• CNS Membership: A Community of Neurosurgeons

    Author: Michael Y. Wang, MD, FACS

    As the CNS surpasses a historic membership roster of 9,000 doctors under the leadership of 2015 President Nate Selden, I would like to take a moment to reflect on our organization. I have had the wonderful opportunity over the past three years to meet and speak with a large number of neurosurgeons about the values of CNS membership. While the benefits of membership are clear and obvious to the vast majority of neurosurgeons, I have also been challenged to delineate how CNS membership benefits each and every neurosurgeon. This has not only been an educational process for me, but also has given the CNS the opportunity to respond to the needs and concerns of our membership. While the CNS responds organically to our changing healthcare environment, the benefits of membership can be artificially divided into several categories, including: 1) Education, 2) Advocacy, 3) Community, and 4) Outreach.

    First, the CNS serves as the major innovator in neurosurgical lifelong education. Whether through the engagement of our in-training colleagues, SANS, MOC, webinars, or our national and satellite meetings, a central charge of the organization has been to ensure that neurosurgeons continue to be informed about the most relevant and contemporary information they need to serve their patients.

    Second, the CNS continues to defend neurosurgeons through advocacy. I believe that nearly all practicing neurosurgeons face almost daily assaults in the arenas of patient access to care, reimbursement, and fear of litigation. Through the Washington Committee, the Rapid Response Team, and the Public Relations Committee, the CNS is there to defend you and your patients. However, these activities require resources and funding, and a large share of your membership dues serves this noble purpose.

    Third, the CNS is a community of neurosurgeons. We practice a unique and evolving art. As such, having a community of likeminded individuals is psychologically and developmentally critical. Very few people understand what we do, and sharing our experiences, whether through our online community or in person at our communal gatherings, is both cathartic and necessary.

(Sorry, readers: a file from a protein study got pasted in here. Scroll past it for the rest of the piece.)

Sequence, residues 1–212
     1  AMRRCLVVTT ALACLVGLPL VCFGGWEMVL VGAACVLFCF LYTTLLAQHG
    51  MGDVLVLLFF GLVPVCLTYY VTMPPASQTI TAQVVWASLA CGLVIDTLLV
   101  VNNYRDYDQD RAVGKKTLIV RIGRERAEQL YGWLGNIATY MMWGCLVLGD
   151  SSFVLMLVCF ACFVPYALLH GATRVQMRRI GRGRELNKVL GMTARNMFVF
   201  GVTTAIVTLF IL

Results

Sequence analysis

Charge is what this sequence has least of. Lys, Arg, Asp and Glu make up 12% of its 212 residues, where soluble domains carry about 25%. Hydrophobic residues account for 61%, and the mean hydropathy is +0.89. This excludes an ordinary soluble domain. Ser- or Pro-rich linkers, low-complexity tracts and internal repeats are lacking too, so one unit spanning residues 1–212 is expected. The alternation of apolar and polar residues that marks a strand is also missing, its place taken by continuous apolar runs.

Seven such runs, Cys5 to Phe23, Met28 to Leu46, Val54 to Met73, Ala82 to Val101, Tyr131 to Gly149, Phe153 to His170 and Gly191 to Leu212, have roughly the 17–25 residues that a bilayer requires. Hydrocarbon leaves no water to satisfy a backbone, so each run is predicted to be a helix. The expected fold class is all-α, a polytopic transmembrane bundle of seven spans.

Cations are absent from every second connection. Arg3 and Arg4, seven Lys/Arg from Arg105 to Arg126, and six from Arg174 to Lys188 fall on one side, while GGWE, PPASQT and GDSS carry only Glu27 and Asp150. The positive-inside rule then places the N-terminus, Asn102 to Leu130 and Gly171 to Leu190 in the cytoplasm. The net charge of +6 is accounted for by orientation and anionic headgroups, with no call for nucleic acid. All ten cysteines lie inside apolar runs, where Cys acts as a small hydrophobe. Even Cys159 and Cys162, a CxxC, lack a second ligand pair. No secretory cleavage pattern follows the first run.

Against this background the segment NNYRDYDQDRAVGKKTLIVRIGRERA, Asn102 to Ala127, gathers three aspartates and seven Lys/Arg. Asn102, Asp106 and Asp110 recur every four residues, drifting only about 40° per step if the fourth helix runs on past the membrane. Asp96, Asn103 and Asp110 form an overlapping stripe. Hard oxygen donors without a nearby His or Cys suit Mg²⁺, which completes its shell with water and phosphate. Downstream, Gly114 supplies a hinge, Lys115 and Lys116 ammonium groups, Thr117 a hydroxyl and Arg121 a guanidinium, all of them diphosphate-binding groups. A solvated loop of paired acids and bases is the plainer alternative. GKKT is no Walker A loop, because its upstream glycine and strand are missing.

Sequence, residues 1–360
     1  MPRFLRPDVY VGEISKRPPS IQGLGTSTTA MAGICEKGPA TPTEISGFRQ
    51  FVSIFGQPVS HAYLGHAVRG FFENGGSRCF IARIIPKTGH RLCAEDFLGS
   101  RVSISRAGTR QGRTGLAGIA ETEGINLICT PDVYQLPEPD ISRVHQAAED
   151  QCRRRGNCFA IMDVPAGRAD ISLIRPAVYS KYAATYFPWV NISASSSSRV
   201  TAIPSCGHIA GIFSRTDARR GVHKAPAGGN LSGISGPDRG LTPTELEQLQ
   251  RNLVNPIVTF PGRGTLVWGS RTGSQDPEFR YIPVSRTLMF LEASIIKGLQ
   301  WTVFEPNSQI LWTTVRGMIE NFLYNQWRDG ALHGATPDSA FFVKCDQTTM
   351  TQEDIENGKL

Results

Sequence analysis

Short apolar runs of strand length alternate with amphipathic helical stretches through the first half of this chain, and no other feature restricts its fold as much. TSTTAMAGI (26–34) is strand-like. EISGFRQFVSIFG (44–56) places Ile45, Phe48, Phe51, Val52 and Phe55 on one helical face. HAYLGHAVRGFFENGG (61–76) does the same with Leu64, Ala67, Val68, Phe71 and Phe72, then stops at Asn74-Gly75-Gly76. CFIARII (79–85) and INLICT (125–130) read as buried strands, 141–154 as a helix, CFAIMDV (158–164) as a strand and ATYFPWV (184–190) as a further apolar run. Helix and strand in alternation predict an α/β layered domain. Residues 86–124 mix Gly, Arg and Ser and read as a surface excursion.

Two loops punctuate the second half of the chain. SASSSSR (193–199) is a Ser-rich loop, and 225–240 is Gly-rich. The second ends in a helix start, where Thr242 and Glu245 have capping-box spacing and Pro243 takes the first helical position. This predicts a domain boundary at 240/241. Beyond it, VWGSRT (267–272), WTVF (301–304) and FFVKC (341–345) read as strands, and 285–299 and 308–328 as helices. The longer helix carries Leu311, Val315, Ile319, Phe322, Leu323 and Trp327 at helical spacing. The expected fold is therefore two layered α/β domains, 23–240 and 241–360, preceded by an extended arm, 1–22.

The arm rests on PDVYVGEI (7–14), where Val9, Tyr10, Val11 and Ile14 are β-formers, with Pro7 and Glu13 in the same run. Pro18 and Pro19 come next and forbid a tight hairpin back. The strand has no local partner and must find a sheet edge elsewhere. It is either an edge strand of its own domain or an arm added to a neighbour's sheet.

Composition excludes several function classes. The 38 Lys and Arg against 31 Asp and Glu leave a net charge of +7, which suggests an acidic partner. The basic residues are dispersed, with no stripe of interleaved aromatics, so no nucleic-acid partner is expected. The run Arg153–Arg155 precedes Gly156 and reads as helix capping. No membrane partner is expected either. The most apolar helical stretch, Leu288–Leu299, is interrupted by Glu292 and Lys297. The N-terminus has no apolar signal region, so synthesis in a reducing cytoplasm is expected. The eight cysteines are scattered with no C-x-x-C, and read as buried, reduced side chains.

Finally, the CNS serves as a venue for outreach. Whether it is to potential trainees through our programs for medical students, to mid-level providers, to related medical subspecialties through our sections, or to our international colleagues, the CNS serves to connect us all so we can best advance the field of neurosurgery.

    Let me conclude by pointing out the changing nature of our practice environment. It is anticipated that in the coming years we will see great transformations to our practice environment. How will we prepare when we don’t even know what is coming? In these coming years, the CNS will face great challenges in order to serve and meet the needs of its membership.

    Resident Membership
    Residents account for 20% (1,796) of total CNS membership, with 1,587 North American residents and fellows, and 210 International Vista resident members. On completion of residency, North American neurosurgeons are promoted into the Transitional Membership category, before converting to full Active Members. There are currently 280 Transitional Members. The annual trends in North American resident and fellow membership are provided in Figure 2, with the notable inflection point corresponding to the granting of complimentary ACGME resident membership in 2011.

    Another Successful Collaboration: 2015 EANS/CNS Educational Initiative Joint resident educational programs broaden the training experience of US residents and promote international collaboration in neurosurgery.

    January - Uppsala, Sweden – Vascular Course 
    Christopher M. Holland, Emory University
    William Stetler, Jr., University of Michigan
    Jesse J. Savage, University of Virginia
    Luis E. Kolb, Yale University School of Medicine

    August - Lisbon, Portugal -- Functional Course 
    Kalil G. Abdullah, University of Pennsylvania
    Alexander Ksendzovsky, National Institutes of Health
    Kai J. Miller, Stanford University
    Hilarie C. Tomasiewicz, New York Presbyterian Hosp./Weill Cornell

    The CNS Welcomes DO Neurosurgeons 
    In a historic move forward for the field of neurosurgery, the CNS Executive Committee approved DO neurosurgeons for Active Membership in a unanimous vote in January 2015.

    This initiative is the result of collaboration between the CNS and ACOS, and offers a unique opportunity to AOBS/AOA certified neurosurgeons.

    Thank you, Military Neurosurgeons! 
    This year the CNS was honored to announce new benefits for its Active Duty Military member neurosurgeons, including complimentary annual CNS member dues. The CNS also offered complimentary registration for the CNS Annual Meeting, complimentary access to five live webinars, and a SANS Neurotrauma module (with use of discount code).

    Additionally, the CNS minimum CME credit hour requirement and Annual Meeting attendance requirement is waived for deployed military members during term of deployment.

    To learn more about CNS Active member benefits, visit cns.org/membership, email membership@cns.org or call 847-240-2500.

    To learn more about CNS Active Duty Military member benefits or to register, contact us at membership@cns.org or 847-240-2500.

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